Children's, Family dynamics, Fiction, Henkes-Kevin

#525 Bird Lake Moon by Kevin Henkes

Bird Lake Moon by Kevin HenkesBird Lake Moon by Kevin Henkes

Sometimes things happen around you that you don’t have much control over. Because of that, sometimes you do things you wouldn’t otherwise do and you regret it later.

Mitch’s family has changed from what it was. His father moved out and left with another woman. His mother moved back home to her parents’ house at a place called Bird Lake. The house next door is empty and he wants it for his own, but it turns out somebody actually owns it. They show up one day.

There is a boy a bit younger than Mitch in the family. Mitch feels as if they are intruders. He sprinkles sugar on their porch and draws symbols in it. Little does he know that being at Bird Lake is difficult for the family.

Spencer is the boy’s name. When he was young, his older brother drowned in the lake. His mother wanted to come and spend time at the house, but it’s hard for her. The absence of Matty seems to be felt the strongest where he died.

Through something that Mitch does, Spencer and Mitch becomes friends. Eventually the truth about what Mitch did to Spencer comes out, but it doesn’t stall their friendship for very long.

What I liked

Um, this is a nice enough book. I don’t have a lot of praises to sing about it beyond that. It’s a book. It works.

What I didn’t like

This book has a lot of the right pieces to make a good story. We have a story told from two sides. We have conflict, both internally in Mitch and Spencer, but also externally between the two. We also have external conflict with all of the family situations going on. In the end each boy is trying to make his own way in the crazy life that is his family. We have friendship. We have regret. We have all of these things, but I’m not overly impressed with any of them. This story has potential, especially with the idea of a dead child floating around (I realize floating may not be the proper word to use here especially considering we are talking of a child who drowned). That may sound morbid, but sometimes childhood deaths make some of the best story elements there are.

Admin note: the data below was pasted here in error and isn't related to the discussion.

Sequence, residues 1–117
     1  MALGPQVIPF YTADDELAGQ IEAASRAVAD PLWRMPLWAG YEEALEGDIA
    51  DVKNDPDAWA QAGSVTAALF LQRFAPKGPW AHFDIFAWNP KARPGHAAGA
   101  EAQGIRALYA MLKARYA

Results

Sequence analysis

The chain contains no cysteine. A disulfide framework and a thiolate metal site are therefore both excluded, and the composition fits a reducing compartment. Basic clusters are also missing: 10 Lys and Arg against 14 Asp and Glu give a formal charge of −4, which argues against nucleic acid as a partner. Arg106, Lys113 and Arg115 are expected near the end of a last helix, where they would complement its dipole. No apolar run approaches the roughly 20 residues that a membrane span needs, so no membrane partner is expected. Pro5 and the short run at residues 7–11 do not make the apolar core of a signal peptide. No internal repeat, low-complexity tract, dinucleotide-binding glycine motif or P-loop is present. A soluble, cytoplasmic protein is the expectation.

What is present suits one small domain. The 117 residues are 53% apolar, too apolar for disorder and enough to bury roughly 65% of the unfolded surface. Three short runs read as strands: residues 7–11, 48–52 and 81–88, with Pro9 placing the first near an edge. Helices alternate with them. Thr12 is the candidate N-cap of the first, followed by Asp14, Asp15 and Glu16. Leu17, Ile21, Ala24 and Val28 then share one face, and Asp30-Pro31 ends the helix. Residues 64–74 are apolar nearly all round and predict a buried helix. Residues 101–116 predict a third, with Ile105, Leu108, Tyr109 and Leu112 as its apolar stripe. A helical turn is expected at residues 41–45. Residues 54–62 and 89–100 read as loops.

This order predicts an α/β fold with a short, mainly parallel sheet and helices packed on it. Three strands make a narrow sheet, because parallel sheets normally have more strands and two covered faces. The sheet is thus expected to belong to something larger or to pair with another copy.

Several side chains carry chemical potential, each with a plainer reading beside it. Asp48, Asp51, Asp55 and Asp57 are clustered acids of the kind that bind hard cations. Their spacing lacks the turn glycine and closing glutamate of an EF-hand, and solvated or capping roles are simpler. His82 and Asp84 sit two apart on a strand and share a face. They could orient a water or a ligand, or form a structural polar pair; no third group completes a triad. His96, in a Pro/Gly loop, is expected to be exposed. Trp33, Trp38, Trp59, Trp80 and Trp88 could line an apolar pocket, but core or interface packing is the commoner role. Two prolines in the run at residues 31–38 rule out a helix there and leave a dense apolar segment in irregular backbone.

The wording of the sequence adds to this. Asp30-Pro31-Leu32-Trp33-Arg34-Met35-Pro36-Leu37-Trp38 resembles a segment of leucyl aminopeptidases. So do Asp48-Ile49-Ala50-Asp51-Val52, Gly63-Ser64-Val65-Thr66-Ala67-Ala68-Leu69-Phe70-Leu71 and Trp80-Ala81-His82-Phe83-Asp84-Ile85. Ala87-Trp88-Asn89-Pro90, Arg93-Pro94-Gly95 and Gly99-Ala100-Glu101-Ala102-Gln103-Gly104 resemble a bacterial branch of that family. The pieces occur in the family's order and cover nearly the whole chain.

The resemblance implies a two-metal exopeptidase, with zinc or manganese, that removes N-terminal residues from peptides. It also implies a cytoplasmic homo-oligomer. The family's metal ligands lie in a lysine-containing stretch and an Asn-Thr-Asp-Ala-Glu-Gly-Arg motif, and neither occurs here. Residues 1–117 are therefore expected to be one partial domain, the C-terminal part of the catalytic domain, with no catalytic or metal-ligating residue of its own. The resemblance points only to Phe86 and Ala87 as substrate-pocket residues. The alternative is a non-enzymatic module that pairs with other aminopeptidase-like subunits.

It just doesn’t do it for me. The main problem is that there isn’t enough meat in this book. It’s meant for a younger audience. When I originally looked up the length of this book it was 130 pages, but that didn’t factor in excerpts from two of Kevin’s other books, plus any other additional pages taken up by titles and acknowledgements. Taking away all of that, the book isn’t very long, which doesn’t bother me so much because I am trying to get in a certain amount of books in a certain amount of time, but I feel the length of the book is cheating the story. There simply isn’t enough length there to tell everything the story needs told.

With all the things going on, there is a lot of potential in this story, there really is, but we are walking a line between appealing to a child audience and an adult audience. Make it longer and explain more of the story and you appeal more to the adult audience, but you might lose some of your child audience, but J.K. Rowling has more than proved that you don’t have to write short books to appeal to children. So making it longer isn’t necessarily going to alienate any of the child audience.


Childhood drama.

Weigh In

Why didn’t Spencer’s family just rent their lake house to Mitch and his mother if they didn’t want to stay there?

Obviously, reconciling your emotions about the place where you both had fun as a child and found out your son was dead would be difficult. If you were in this situation would you sell the house or keep it?


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